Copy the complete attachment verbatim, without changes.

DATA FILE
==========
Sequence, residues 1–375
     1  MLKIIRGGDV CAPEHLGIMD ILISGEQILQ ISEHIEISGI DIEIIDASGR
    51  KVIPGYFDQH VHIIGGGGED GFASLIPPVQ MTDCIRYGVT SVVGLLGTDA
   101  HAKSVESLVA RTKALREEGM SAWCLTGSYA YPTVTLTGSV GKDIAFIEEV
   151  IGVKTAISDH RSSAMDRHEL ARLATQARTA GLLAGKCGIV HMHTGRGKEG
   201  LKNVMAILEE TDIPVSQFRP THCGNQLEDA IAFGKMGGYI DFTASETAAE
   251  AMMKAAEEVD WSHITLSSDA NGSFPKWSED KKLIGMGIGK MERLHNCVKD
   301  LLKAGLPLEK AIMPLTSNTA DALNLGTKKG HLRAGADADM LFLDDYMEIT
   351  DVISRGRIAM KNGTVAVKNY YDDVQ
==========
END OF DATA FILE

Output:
Sequence, residues 1–375
     1  MLKIIRGGDV CAPEHLGIMD ILISGEQILQ ISEHIEISGI DIEIIDASGR
    51  KVIPGYFDQH VHIIGGGGED GFASLIPPVQ MTDCIRYGVT SVVGLLGTDA
   101  HAKSVESLVA RTKALREEGM SAWCLTGSYA YPTVTLTGSV GKDIAFIEEV
   151  IGVKTAISDH RSSAMDRHEL ARLATQARTA GLLAGKCGIV HMHTGRGKEG
   201  LKNVMAILEE TDIPVSQFRP THCGNQLEDA IAFGKMGGYI DFTASETAAE
   251  AMMKAAEEVD WSHITLSSDA NGSFPKWSED KKLIGMGIGK MERLHNCVKD
   301  LLKAGLPLEK AIMPLTSNTA DALNLGTKKG HLRAGADADM LFLDDYMEIT
   351  DVISRGRIAM KNGTVAVKNY YDDVQ